Cj pair in xi row

Cj pair in xi row

3SAT p DHAMPATH

Claim: is satisfiable iff the graph G has a Hamiltonian

path from s to t.

Proof:

Assume G has a Hamiltonian path from s to t, get a satisfying

assignment for .

If the path is normal, then define the assignment by:

Set each xi true if path goes L to R through xis gadget, false if it

goes R to L.

Cj

Cj

To see that this satisfies , consider

or

any clause C .

j

If the second, then:

xi is false, since path goes R-L.

By the way the detour edges are

set, Cj contains literal xi.

So Cj is satisfied by xi.

Cj pair in xi row

Cj pair in xi row

3SAT p DHAMPATH

Claim: is satisfiable iff the graph G has a Hamiltonian

path from s to t.

Proof:

Assume G has a Hamiltonian path from s to t.

If the path is normal, then it yields a satisfying assignment.

It remains to show that the path is normal (goes in order through

the gadgets, top to bottom, going one way or the other through

each crossbar, and detouring to pick up the Cj nodes),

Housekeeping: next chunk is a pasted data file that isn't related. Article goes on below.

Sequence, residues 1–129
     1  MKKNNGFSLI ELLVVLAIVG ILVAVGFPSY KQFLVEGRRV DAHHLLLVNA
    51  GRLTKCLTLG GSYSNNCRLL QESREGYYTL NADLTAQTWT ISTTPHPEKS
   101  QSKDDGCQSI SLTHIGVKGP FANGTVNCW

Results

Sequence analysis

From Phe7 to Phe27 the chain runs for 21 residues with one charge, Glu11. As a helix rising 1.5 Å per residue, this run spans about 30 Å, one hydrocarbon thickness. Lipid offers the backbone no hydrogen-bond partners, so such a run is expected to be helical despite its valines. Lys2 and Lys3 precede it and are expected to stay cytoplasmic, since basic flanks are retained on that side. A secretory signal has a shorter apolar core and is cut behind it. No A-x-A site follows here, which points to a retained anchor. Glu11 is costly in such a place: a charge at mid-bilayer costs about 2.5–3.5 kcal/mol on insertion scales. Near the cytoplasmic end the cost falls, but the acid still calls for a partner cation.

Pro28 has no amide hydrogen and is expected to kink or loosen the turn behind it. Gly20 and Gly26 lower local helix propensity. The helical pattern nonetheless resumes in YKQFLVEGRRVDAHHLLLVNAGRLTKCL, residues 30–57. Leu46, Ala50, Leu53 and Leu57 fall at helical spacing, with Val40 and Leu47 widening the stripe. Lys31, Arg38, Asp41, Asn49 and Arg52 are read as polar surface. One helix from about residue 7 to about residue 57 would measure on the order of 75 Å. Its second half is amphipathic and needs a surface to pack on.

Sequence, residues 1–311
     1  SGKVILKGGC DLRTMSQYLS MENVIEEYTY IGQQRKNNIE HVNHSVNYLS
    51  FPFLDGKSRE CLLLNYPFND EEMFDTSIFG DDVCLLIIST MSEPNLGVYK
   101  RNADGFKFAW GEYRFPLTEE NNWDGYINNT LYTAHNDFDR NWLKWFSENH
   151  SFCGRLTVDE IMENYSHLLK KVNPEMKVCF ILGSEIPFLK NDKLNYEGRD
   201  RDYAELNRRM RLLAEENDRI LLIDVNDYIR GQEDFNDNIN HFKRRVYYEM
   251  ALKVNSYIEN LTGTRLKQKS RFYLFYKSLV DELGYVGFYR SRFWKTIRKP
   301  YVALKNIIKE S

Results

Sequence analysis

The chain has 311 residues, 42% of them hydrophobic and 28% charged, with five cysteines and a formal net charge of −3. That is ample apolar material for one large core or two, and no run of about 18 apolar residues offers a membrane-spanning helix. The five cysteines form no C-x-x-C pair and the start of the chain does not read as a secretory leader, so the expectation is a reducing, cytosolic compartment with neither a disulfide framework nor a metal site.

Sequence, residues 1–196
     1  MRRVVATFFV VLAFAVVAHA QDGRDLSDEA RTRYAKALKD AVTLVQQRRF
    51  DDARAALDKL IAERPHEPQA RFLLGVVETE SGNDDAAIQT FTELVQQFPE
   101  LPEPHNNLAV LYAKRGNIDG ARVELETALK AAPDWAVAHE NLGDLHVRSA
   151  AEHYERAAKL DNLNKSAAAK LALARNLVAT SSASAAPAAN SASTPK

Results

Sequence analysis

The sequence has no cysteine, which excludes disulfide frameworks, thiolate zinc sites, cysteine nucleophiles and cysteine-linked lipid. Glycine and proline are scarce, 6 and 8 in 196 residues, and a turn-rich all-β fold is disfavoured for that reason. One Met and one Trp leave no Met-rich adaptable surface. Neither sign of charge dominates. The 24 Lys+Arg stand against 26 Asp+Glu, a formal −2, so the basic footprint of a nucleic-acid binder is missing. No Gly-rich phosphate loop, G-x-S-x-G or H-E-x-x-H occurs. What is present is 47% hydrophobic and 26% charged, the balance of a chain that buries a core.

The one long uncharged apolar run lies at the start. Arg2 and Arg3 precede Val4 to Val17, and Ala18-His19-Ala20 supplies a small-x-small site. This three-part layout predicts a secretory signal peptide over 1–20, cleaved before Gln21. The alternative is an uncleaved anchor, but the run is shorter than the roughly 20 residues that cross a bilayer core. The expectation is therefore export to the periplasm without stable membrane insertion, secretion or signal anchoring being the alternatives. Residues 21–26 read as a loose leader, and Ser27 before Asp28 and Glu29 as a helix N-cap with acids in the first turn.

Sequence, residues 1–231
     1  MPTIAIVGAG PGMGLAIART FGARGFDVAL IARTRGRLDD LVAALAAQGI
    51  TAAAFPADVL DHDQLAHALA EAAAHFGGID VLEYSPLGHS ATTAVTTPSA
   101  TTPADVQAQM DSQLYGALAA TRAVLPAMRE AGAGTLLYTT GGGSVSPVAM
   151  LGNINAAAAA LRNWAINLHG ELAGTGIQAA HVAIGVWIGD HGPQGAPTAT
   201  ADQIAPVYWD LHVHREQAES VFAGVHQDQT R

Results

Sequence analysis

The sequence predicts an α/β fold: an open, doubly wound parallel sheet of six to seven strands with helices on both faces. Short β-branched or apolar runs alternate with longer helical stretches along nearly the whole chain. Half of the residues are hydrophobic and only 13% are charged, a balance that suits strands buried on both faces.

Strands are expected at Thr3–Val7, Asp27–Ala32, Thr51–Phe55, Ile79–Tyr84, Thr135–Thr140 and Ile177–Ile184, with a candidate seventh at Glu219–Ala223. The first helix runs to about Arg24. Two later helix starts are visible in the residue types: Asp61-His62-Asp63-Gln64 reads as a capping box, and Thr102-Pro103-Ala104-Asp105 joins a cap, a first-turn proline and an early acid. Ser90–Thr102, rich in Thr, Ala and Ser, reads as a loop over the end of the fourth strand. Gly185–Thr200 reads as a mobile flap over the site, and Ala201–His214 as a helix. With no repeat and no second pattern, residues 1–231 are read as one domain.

The only problem (hand-waving) is if a detour doesnt work right,

but jumps from one gadget to another, e.g.:

But then the Ham. path could never reach a2:

Cj

Can reach a2 only from a1, a3,

and (possibly) Cj.

But a1 and Cj already lead

xi

a1 a2 a3

elsewhere.

And reaching a2 from a3 leaves

xi

nowhere to go from a2, stuck.

Summary: DHAMPATH

We have proved 3SAT p

DHAMPATH.

So DHAMPATH is NP-complete.

Can prove similar result for

DHAMCIRCUIT = { <G> | G is a

directed graph, and there is a circuit in

G that passes through each vertex of

G exactly once }

Theorem: 3SAT p DHAMCIRCUIT.

Proof:

identifying s and t nodes.

Now a satisfying assignment for

corresponds to a Hamiltonian circuit.

s

Identify these two s nodes.

Same questions about paths/circuits in undirected graphs.

UHAMPATH = { <G, s, t> | G is an undirected graph, s and

t are two distinct vertices, and there is a path from s to t in

G that passes through each vertex of G exactly once }

UHAMCIRCUIT = { <G> | G is an undirected graph, and

there is a circuit in G that passes through each vertex of G

exactly once }

Theorem: Both are NP-complete.

Obviously in NP.

To show NP-hardness, reduce the digraph versions of the

problems to the undirected versions---no need to consider